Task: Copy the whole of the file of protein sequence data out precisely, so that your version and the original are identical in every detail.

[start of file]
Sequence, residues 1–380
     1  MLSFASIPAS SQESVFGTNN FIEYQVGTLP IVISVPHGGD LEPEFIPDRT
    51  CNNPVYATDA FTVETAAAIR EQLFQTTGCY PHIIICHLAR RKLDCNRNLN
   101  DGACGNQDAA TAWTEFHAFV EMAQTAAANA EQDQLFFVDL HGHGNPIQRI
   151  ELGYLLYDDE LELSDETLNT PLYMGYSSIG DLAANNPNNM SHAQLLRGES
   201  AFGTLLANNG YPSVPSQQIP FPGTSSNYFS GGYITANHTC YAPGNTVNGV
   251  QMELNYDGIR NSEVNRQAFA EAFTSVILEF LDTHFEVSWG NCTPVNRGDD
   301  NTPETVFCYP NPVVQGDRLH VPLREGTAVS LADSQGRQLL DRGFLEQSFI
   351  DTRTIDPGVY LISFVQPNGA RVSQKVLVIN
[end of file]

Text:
Sequence, residues 1–380
     1  MLSFASIPAS SQESVFGTNN FIEYQVGTLP IVISVPHGGD LEPEFIPDRT
    51  CNNPVYATDA FTVETAAAIR EQLFQTTGCY PHIIICHLAR RKLDCNRNLN
   101  DGACGNQDAA TAWTEFHAFV EMAQTAAANA EQDQLFFVDL HGHGNPIQRI
   151  ELGYLLYDDE LELSDETLNT PLYMGYSSIG DLAANNPNNM SHAQLLRGES
   201  AFGTLLANNG YPSVPSQQIP FPGTSSNYFS GGYITANHTC YAPGNTVNGV
   251  QMELNYDGIR NSEVNRQAFA EAFTSVILEF LDTHFEVSWG NCTPVNRGDD
   301  NTPETVFCYP NPVVQGDRLH VPLREGTAVS LADSQGRQLL DRGFLEQSFI
   351  DTRTIDPGVY LISFVQPNGA RVSQKVLVIN